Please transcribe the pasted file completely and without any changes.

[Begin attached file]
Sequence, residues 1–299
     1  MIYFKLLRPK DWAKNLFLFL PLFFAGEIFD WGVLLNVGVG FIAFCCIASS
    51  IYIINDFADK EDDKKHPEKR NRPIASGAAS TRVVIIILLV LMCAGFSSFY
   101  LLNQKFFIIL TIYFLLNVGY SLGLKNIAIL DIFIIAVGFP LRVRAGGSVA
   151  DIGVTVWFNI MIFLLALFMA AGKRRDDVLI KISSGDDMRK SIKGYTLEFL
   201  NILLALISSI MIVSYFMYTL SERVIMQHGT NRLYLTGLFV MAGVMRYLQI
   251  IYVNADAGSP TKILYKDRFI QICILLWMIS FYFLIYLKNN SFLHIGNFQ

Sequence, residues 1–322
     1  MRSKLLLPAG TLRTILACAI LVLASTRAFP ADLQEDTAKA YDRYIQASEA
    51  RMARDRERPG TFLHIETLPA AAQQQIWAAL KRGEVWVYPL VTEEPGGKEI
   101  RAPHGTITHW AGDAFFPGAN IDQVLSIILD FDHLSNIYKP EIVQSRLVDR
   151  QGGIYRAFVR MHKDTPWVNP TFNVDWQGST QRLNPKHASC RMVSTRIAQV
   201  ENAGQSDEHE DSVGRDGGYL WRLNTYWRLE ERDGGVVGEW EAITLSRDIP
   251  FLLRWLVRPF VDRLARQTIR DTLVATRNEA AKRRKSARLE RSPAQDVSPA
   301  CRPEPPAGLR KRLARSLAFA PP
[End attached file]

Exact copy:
Sequence, residues 1–299
     1  MIYFKLLRPK DWAKNLFLFL PLFFAGEIFD WGVLLNVGVG FIAFCCIASS
    51  IYIINDFADK EDDKKHPEKR NRPIASGAAS TRVVIIILLV LMCAGFSSFY
   101  LLNQKFFIIL TIYFLLNVGY SLGLKNIAIL DIFIIAVGFP LRVRAGGSVA
   151  DIGVTVWFNI MIFLLALFMA AGKRRDDVLI KISSGDDMRK SIKGYTLEFL
   201  NILLALISSI MIVSYFMYTL SERVIMQHGT NRLYLTGLFV MAGVMRYLQI
   251  IYVNADAGSP TKILYKDRFI QICILLWMIS FYFLIYLKNN SFLHIGNFQ

Sequence, residues 1–322
     1  MRSKLLLPAG TLRTILACAI LVLASTRAFP ADLQEDTAKA YDRYIQASEA
    51  RMARDRERPG TFLHIETLPA AAQQQIWAAL KRGEVWVYPL VTEEPGGKEI
   101  RAPHGTITHW AGDAFFPGAN IDQVLSIILD FDHLSNIYKP EIVQSRLVDR
   151  QGGIYRAFVR MHKDTPWVNP TFNVDWQGST QRLNPKHASC RMVSTRIAQV
   201  ENAGQSDEHE DSVGRDGGYL WRLNTYWRLE ERDGGVVGEW EAITLSRDIP
   251  FLLRWLVRPF VDRLARQTIR DTLVATRNEA AKRRKSARLE RSPAQDVSPA
   301  CRPEPPAGLR KRLARSLAFA PP